Colombia: Germans Acted as Ransom-Brokers in Rebel Kidnapping
BOGOTA, Colombia (AP) _ Two Germans acted as ransom-brokers in a rebel kidnapping that may have netted Colombian guerrillas as much as $1.5 million, a state governor said Monday.
Police arrested the two Germans on Sunday at the airport in the northwest city of Medellin as they allegedly tried to smuggle the kidnap victim aboard a flight to Venezuela.
Guerrillas abducted German Brigitte Schoene from her home near Medellin on Aug. 15, demanding millions of dollars in ransom. Schoene is the wife of the former representative for Colombia of BASF, a German chemical company.
Schoene, looking healthy at a news conference Monday, said her rebel captors handed her over to the Germans after a two-day march in the mountains.
```Don’t worry, we’ll get you out of here,‴ she quoted them as saying.
Gov. Alvaro Uribe of Antioquia state accused Silvia and Norbert Schroeder on Monday of illegally brokering a ransom of $1.2 million to $1.5 million to the rebel National Liberation Army.
``This type of payoff shouldn’t be made,″ said Uribe, who in the past has accused the German government of rewarding rebels by paying ransoms. ``What they’re doing is feeding the terrorist organizations that are destroying us.″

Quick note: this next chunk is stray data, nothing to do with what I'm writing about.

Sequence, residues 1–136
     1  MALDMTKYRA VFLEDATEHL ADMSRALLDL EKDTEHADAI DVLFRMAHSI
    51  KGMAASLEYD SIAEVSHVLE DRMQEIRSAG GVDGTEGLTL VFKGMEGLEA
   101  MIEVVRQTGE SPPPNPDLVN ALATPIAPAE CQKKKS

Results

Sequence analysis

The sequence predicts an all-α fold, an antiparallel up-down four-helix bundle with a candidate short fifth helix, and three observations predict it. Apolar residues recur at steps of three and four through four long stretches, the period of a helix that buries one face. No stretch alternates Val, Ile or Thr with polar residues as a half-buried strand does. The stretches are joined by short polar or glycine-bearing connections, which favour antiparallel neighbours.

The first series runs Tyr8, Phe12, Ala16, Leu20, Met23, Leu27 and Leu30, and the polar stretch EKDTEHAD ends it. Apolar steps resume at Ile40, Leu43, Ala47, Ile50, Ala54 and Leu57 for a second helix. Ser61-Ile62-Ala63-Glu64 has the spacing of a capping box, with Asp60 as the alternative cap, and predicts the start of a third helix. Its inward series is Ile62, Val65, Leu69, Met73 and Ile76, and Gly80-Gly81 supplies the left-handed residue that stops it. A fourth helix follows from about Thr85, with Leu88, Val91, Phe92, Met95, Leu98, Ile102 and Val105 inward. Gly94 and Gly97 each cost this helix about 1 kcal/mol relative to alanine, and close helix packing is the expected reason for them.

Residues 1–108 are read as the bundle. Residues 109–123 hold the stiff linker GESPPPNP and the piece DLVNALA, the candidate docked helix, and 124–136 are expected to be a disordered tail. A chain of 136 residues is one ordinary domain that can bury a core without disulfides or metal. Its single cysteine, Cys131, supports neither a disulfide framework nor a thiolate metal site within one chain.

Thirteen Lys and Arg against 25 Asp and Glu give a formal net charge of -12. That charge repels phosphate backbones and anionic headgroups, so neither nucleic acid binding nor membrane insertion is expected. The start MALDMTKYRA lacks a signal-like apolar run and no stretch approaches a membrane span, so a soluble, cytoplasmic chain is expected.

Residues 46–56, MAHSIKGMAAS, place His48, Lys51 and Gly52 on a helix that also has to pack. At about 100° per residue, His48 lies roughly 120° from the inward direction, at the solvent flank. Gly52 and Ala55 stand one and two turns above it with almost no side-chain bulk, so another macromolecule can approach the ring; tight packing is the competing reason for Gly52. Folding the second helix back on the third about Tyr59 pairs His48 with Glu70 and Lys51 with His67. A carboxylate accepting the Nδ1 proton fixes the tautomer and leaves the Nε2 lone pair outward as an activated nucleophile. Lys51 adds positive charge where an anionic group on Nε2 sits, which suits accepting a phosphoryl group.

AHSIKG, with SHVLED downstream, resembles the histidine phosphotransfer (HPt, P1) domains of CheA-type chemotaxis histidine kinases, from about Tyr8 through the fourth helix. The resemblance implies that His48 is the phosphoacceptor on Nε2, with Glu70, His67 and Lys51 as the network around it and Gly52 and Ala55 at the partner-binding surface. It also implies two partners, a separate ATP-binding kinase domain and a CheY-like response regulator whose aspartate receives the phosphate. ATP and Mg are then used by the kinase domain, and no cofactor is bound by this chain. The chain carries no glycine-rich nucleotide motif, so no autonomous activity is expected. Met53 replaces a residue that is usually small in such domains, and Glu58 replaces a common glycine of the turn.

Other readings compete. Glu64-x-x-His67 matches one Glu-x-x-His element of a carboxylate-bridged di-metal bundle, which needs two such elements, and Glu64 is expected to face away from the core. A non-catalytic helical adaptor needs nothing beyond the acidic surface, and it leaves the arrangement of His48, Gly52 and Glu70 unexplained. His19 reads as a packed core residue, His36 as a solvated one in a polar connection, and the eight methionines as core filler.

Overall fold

Police believe the ransom was delivered, but it was unclear who paid it.
After her arrest, Silvia Schroeder told local reporters she was on a peace mission. ``This country has been at war for many years. Germany is available to negotiate for peace,″ she said.
The German Embassy declined comment on whether its government played any role in resolving the kidnapping.
Germany previously denied earlier allegations by Uribe that it had paid the same rebel group $2 million in ransom to free a German and two other kidnapped Europeans this year.
Uribe said Monday that one of the two arrested Sunday had also handled the ransom in the earlier kidnapping.
Rebels and criminal gangs in Colombia collect hundreds of millions of dollars a year in kidnapping ransoms. Foreigners are choice targets because they often fetch more money.
The National Liberation Army _ which has thousands of fighters _ began as a leftist insurgency in the 1960s. The government labels the members common criminals.